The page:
Eric Ripper

Eric Ripper

Deputy Premier; Treasurer; Minister for State Development

    State Budget 2008-09: Building Western Australia - Gingin area

    8/05/2008 12:00 AM
     

    Building Western Australia was the Carpenter Government’s key priority in the 2008-09 State Budget, Treasurer Eric Ripper said today.

     

    “This is our eighth consecutive balanced Budget and provides a record $7.6billion for capital works in 2008-09 and $26.1billion over the next four years,” Mr Ripper said.

     

    “We are continuing to reinvest in our State’s future to help sustain our economic growth, with a massive capital works program that covers both Perth and the regions.

     

    “And we are ensuring Western Australians will get the key services they rightly expect and deserve.

     

    “This Budget also shares the State’s prosperity through big increases in spending on health care, including mental health, law and order, child protection, community safety, education and training and public housing.”

     

    The Treasurer said the 2008-09 Budget also made housing more affordable with a $1.2billion tax relief package that would slash stamp duty on the median-priced house by about 15 per cent, saving a homebuyer about $3,000.

     

    The package also included reductions in land tax and payroll tax reforms to ease the compliance burden on business.

     

    He said capital works included $1.07billion for the new major stadium at Kitchener Park in Subiaco, $506million towards the new museum on the former East Perth power station site and $319million for the redevelopment of Perth’s Swan River foreshore.

     

    Also included was $810million for roads, including $246.3 million for the new Perth-to-Bunbury Highway, $1.1billion for water infrastructure, $1.2billion for improving electricity infrastructure and $212million for the purchase and construction of public rental housing. 

     

    Highlights of the local capital works program included:

    ·       $500,000 to commence work on stage two of Ellenbrook Secondary College (total project cost: $25million);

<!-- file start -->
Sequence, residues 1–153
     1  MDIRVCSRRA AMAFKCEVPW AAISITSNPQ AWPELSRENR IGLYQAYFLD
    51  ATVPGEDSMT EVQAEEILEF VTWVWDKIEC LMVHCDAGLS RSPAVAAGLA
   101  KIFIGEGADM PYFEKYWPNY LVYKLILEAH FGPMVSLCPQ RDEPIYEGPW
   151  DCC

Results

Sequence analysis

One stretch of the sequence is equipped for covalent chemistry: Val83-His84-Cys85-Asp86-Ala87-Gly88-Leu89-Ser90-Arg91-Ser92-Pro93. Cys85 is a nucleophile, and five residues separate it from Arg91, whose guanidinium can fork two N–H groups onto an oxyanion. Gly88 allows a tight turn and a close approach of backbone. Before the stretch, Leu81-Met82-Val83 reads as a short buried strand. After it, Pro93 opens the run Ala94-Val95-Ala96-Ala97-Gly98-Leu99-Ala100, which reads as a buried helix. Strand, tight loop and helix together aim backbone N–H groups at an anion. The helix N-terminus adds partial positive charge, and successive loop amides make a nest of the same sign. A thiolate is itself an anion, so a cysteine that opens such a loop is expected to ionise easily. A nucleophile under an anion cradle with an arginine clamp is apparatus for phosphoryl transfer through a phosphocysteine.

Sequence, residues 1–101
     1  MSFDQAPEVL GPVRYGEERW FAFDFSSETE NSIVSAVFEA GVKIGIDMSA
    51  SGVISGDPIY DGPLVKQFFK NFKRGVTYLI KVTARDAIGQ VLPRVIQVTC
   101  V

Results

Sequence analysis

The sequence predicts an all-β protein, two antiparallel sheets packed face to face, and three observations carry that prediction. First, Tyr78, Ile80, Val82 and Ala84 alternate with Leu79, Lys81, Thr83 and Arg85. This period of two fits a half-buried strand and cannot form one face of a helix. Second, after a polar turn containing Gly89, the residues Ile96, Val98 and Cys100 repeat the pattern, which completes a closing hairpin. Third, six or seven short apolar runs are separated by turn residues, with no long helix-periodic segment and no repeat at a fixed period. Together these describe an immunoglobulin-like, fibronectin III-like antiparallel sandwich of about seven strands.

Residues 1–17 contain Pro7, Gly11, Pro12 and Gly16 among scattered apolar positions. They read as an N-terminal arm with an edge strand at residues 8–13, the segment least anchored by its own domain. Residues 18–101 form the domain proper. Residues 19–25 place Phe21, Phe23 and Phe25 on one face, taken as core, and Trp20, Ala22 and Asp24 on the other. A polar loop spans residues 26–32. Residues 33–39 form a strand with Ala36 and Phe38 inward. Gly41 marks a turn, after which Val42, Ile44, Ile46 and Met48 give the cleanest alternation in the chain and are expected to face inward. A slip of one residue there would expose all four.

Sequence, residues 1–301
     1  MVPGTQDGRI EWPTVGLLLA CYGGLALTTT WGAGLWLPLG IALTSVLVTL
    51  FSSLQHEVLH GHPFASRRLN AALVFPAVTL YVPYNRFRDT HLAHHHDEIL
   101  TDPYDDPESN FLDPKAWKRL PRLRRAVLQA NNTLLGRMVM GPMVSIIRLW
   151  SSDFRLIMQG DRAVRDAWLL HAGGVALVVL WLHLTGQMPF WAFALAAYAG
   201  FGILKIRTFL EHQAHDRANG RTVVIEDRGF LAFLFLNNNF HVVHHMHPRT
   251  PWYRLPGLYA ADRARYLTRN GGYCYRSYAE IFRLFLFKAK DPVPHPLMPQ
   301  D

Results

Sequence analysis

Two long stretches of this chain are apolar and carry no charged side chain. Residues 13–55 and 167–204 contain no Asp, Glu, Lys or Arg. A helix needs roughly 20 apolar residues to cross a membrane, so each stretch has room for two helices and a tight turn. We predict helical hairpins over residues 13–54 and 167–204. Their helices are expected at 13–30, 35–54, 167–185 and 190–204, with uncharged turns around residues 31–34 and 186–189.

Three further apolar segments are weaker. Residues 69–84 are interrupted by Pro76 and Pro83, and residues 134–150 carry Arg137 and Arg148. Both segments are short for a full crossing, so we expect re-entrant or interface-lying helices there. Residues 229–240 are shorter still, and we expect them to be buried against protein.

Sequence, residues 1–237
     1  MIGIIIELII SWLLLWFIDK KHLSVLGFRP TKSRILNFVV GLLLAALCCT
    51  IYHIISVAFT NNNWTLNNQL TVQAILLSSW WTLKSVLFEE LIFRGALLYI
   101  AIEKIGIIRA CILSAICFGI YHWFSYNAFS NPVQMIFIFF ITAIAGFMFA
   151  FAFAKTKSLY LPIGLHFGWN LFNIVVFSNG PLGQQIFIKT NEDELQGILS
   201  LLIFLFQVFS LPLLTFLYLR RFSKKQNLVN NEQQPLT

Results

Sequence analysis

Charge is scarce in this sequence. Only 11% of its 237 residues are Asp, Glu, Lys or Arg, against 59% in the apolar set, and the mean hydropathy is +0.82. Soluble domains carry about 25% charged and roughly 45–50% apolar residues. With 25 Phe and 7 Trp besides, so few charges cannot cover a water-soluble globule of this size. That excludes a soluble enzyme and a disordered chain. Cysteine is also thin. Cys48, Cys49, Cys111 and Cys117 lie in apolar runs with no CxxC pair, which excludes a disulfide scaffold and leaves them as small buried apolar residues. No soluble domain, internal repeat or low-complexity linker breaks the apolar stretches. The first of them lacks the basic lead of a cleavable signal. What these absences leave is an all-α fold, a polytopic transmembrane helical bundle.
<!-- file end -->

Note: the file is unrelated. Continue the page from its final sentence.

·        $450,000 to complete Ellen Stirling Primary School, Ellenbrook (total project cost: $9.1million);

    ·       $11million to continue the reconstruction and widening of Great Northern Highway, from Roe Highway to Muchea (total project cost: $58.617million);

    ·       $52.922million to continue works on Reid Highway from West Swan Road to Great Northern Highway, in West Swan and Middle Swan (total project cost: $81.895million);

    ·       $4.275million to complete the Ellenbrook Fire Station (total project cost: $4.498million);

    ·       $389,000 for minor work at Guildford Cemetery;

    ·       $3.023million to continue work on interim storage and pressure mains at the Ellenbrook pumping station (total project cost: $20.344million);

    ·        $11.9million to complete the construction of new buildings at the new Muchea livestock centre (total estimated project cost: $29.168million); and

    ·        $2.784million toward the installation of a third transformer at Western Power’s Muchea substation (total project cost: $16.617million).

     

    On top of the record capital works program, Mr Ripper said the Government would spend $4.5billion for health care, $3.6billion for education and training, $2billion for law and order and community safety, $341million for child protection and $61million to bring another 4,400 apprentices and trainees into the State’s workforce.

     

    “We are spending more per capita on public order and safety than any other Australian State and are only a few dollars per head behind Tasmania as the biggest spender when it comes to education,” he said.

     

    “Our health spending continues to grow rapidly - health now consumes just under a quarter of total Government expenditure and our per capita rates are level with Queensland and ahead of NSW and Victoria.”

     

    The Treasurer said the Government had also committed an extra $2.1billion to ensure better pay for nurses, doctors, police and teachers.

     

    “The Government needs to pay key service staff at a rate that reflects their vital role while also continuing to attract and retain the right people,” Mr Ripper said.

     

    “Enterprise bargaining agreements have been reached with the State’s health workers and police, making them among the best paid in the nation, and negotiations with the State’s teachers are ongoing.”

     

    Treasurer's office - 9222 9365